6 secrets about Pastis

Discover 6 secrets about Pastis, the symbolic aperitif of Provence: 

Its origins, its traditions, its star recipes...

Pastis is an alcoholic drink generally made from aniseed and liquorice. An aperitif symbolising summer and Provence, we've all heard of it, but do you really know the secrets of this Provençal aperitif? 

Pastis: A reaction to the laws against absinthe

In 1915, absinthe-based alcoholic drinks were banned in France, along with drinks containing more than 15° alcohol. This ban was due to the controversy surrounding absinthe, which was accused of causing people to lose their minds. At the end of the 20s, Paul Ricard found an alternative to absinthe by creating an aniseed-flavoured aperitif. He named it Pastis, from the Provençal "pastisson" meaning "mixture". 

A central ingredient: Star anise

Star anise, also known as Chinese star anise, is a spice introduced to Europe around the 17th century. The fruit is harvested and then dried in the sun to give it its characteristic brown colour. Thanks to its more powerful aroma than green anise, star anise is increasingly used in cooking and baking, as well as in various aniseed-based drinks such as Pastis. 

Star anise is also known for its digestive properties, so it can be used as a digestive or aperitif, just like Pastis!

A tradition... but not the only one!

Pastis is generally drunk as an aperitif in 5 to 7 glasses of fresh water (an average dose is 2cl). The yellow colour of pastis is due to the use of Carmel or Reglisse colouring. Today, aniseed and liquorice are the essential ingredients in Pastis, but some brands use more complex combinations of plants and spices, such as cinnamon, fennel and cloves. 

Some brands even go so far as to create blue Pastis. 

In the same spirit, Ælred pastis is a blend of 44 plants, flowers, spices and alcoholates macerated and distilled by a master distiller.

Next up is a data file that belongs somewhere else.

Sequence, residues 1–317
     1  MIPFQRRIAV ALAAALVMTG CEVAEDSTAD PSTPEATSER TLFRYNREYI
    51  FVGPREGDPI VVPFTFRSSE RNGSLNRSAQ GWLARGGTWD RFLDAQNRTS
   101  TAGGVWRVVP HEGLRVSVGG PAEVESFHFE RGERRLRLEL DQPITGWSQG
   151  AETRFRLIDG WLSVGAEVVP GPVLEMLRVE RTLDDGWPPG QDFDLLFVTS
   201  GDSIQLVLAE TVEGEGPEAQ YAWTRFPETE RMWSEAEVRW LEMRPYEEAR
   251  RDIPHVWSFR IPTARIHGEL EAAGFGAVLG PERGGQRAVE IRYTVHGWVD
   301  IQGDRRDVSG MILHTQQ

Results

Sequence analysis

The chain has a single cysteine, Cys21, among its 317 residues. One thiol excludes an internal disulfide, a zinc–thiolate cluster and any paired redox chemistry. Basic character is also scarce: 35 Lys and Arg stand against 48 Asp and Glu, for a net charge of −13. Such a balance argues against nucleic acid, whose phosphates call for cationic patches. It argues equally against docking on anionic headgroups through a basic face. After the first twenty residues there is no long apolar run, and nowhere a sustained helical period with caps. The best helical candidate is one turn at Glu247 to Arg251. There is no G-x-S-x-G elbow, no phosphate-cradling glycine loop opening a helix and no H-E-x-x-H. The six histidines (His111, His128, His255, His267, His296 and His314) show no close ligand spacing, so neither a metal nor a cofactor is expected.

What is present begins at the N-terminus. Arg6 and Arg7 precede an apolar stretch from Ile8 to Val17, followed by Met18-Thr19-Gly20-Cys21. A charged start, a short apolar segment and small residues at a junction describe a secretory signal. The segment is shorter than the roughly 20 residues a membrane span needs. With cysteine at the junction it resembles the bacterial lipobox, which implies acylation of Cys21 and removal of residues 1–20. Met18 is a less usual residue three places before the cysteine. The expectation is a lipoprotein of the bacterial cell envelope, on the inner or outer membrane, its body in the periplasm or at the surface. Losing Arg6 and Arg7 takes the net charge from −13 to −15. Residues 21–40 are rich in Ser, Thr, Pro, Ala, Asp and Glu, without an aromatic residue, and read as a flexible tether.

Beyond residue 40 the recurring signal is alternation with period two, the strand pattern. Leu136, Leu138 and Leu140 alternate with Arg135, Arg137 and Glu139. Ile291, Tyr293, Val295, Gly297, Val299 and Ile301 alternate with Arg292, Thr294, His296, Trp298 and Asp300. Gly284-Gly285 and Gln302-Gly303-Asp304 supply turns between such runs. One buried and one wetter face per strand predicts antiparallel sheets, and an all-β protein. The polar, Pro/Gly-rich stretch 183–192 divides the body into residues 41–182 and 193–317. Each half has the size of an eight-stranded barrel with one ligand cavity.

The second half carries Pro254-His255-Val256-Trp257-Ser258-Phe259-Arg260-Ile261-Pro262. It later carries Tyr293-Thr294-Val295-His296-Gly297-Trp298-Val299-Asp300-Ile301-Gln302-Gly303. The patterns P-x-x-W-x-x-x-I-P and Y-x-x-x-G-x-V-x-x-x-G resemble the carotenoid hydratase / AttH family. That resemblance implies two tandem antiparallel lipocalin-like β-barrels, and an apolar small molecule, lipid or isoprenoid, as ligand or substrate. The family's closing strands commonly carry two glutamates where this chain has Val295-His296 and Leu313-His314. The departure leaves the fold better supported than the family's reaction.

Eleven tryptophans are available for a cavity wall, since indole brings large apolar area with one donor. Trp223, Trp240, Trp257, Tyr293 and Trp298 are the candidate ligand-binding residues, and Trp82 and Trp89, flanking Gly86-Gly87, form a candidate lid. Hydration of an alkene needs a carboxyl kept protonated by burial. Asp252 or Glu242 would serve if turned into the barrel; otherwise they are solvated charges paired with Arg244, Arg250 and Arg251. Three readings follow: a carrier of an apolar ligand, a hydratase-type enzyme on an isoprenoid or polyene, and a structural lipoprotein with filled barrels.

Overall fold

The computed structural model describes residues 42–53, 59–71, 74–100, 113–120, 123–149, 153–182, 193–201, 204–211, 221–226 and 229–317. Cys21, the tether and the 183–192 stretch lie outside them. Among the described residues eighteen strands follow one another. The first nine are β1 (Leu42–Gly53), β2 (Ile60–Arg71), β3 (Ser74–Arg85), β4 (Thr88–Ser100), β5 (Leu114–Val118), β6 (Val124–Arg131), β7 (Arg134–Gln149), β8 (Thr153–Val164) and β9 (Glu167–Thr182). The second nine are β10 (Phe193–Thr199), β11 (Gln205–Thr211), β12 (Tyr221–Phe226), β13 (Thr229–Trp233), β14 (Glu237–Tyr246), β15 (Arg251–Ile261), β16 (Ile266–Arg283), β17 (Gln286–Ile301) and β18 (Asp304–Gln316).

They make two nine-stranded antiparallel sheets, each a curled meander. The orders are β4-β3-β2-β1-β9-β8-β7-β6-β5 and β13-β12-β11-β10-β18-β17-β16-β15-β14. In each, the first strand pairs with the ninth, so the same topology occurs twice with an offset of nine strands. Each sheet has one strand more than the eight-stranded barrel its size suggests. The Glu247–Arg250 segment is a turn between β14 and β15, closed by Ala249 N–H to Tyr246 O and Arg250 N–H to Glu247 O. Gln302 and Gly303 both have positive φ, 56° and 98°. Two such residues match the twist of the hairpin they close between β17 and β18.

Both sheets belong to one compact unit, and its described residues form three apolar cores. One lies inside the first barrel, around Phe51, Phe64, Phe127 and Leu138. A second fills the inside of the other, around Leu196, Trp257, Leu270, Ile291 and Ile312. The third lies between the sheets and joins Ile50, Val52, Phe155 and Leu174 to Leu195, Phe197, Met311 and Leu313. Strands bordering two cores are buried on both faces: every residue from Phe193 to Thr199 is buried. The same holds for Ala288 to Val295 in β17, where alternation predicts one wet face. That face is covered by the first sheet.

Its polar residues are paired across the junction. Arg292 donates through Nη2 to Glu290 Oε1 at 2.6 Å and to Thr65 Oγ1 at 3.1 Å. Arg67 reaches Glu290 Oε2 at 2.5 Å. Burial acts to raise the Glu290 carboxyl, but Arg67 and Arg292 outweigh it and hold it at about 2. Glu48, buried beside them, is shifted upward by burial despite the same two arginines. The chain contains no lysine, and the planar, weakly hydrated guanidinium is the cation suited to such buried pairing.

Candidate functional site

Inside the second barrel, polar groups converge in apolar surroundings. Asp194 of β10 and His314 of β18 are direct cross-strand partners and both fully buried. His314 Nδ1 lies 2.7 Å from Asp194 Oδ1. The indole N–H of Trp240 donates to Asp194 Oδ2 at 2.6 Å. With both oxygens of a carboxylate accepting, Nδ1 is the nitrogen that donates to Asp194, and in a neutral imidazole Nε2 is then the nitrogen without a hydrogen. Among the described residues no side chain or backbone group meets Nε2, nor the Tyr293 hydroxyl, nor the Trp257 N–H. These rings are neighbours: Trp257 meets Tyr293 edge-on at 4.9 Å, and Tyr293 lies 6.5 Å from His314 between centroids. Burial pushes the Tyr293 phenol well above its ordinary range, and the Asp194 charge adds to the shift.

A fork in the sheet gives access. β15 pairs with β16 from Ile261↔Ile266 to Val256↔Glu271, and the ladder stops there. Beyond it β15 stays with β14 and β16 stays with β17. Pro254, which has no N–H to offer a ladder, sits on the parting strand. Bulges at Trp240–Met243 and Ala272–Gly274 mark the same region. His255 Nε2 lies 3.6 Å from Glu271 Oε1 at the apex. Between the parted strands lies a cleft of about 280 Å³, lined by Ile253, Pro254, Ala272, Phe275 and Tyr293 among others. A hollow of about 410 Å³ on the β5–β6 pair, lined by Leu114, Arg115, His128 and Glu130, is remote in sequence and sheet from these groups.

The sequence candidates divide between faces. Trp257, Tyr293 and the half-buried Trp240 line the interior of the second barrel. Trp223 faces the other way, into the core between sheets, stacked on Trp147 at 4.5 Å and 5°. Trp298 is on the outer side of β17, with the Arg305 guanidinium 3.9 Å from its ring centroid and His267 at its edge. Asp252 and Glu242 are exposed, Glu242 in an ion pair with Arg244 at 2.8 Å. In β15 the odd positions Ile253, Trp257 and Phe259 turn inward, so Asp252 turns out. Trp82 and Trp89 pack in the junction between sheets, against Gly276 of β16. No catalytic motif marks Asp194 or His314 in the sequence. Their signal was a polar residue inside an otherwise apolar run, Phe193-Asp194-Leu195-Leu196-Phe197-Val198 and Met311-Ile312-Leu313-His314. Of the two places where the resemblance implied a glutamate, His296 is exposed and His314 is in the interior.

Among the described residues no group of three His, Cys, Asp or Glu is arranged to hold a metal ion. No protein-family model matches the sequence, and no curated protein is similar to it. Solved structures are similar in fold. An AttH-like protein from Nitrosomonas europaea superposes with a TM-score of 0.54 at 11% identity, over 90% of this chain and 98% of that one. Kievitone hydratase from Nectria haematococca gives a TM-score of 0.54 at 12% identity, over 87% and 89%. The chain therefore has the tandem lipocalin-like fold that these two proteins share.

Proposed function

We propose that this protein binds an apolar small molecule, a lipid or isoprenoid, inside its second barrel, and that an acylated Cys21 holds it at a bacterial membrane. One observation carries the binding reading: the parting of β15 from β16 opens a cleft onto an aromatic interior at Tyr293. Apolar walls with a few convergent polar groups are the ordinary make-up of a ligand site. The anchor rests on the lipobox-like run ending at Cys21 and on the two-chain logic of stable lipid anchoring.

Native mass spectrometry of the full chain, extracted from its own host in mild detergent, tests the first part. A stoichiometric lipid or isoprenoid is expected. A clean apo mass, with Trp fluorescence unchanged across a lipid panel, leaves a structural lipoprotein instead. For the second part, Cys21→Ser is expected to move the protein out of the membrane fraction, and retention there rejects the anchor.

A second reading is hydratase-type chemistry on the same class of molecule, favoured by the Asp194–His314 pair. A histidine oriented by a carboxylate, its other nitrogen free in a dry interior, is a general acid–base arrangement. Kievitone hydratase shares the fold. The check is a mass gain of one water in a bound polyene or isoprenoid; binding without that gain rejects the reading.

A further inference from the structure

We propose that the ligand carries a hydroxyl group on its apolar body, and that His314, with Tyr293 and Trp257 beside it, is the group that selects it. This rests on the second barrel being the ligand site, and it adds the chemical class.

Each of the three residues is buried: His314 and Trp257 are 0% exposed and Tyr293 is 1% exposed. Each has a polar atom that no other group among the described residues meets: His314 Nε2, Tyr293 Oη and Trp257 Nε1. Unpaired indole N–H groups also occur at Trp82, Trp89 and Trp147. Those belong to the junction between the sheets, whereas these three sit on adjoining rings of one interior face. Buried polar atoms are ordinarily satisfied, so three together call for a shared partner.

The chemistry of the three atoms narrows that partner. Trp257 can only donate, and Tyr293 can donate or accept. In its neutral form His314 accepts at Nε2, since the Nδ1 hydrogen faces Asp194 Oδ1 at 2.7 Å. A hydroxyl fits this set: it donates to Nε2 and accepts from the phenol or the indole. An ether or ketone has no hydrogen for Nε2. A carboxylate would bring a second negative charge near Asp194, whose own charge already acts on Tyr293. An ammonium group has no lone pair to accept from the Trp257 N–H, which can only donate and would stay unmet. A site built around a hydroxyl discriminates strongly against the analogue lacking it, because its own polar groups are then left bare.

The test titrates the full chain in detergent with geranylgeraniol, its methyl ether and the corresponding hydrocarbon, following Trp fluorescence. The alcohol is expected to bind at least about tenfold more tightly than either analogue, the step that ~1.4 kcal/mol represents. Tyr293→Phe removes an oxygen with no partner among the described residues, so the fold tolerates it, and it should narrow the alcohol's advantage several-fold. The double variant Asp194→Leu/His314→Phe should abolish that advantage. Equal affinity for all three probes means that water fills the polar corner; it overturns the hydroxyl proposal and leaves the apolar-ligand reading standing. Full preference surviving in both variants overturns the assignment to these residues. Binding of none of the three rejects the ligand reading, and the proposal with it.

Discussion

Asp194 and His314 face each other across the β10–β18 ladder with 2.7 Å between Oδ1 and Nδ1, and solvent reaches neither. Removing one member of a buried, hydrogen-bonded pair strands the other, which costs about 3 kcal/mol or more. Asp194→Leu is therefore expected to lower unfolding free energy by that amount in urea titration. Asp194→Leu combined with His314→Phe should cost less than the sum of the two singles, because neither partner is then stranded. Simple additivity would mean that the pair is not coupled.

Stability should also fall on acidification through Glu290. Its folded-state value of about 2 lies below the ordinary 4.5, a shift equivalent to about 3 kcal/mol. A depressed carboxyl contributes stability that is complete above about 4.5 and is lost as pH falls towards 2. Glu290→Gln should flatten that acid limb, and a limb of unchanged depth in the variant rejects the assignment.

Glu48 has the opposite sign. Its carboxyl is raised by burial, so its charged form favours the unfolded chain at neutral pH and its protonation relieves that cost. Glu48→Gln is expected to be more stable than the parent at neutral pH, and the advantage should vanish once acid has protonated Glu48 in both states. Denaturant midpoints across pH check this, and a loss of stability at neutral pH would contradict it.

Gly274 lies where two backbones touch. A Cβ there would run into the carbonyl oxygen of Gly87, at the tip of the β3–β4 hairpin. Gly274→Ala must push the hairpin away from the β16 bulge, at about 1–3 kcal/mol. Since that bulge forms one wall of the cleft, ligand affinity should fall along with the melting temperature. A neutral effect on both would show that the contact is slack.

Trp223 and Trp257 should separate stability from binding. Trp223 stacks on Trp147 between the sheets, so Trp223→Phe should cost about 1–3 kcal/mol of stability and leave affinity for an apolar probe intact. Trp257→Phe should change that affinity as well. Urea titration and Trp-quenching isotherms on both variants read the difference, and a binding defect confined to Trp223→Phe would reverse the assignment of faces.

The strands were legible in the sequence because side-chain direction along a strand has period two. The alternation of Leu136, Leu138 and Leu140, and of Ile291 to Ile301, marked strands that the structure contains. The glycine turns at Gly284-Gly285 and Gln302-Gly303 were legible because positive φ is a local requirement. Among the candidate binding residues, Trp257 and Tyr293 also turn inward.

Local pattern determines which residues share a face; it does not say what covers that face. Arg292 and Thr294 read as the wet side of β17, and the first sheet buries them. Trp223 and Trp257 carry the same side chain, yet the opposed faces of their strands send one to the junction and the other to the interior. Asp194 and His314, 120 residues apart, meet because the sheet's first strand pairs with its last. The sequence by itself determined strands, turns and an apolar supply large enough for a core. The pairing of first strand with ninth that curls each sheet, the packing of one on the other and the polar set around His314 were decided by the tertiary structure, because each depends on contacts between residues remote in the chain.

Recognised as a top-quality "Pastis Provençal", it has all the freshness you'd expect from a Pastis. 

A tasty Provençal stroll to discover an elegant and surprising aroma.

Why does pastis become "milky" when diluted? 

Pure pastis is a coppery yellow colour. When mixed with water, its colour changes to an opaque milky cloudy yellow. 

This is due to the anethole contained in star anise. Like all oils, anethole is not soluble in water, but it is soluble in alcohol (above 45%). Adding water reduces the alcohol concentration and the oil, in the form of tiny droplets, will 'float' in the drink, making it milky and cloudy.

An aperitif with many names...

In the South of France, Pastis is also called "Un jaune" (in reference to its colour).

It may also be called "pastaga" in south-east France, more specifically in Marseille. 

If a pastis is "fatty", i.e. high in alcohol, it is a "yoghurt".

Finally, "Gainsbourd" refers to a double-dose pastis, in homage to the artist's favourite drink.

How to drink Pastis   

Pastis is often drunk with water and ice, which is the best-known way to enjoy this Provençal aperitif! But over time, cocktails based on Pastis and syrups have also developed. Here are some original recipes to try with Pastis Ælred! 

Mauresque :

Did you know? Originally, this 19th century cocktail was made with Absinthe. With the democratisation of Pastis, the latter replaced the green liqueur in the current recipe.

Perroquet : 

Tomate : 

Enjoy on its own, or with friends as an aperitif!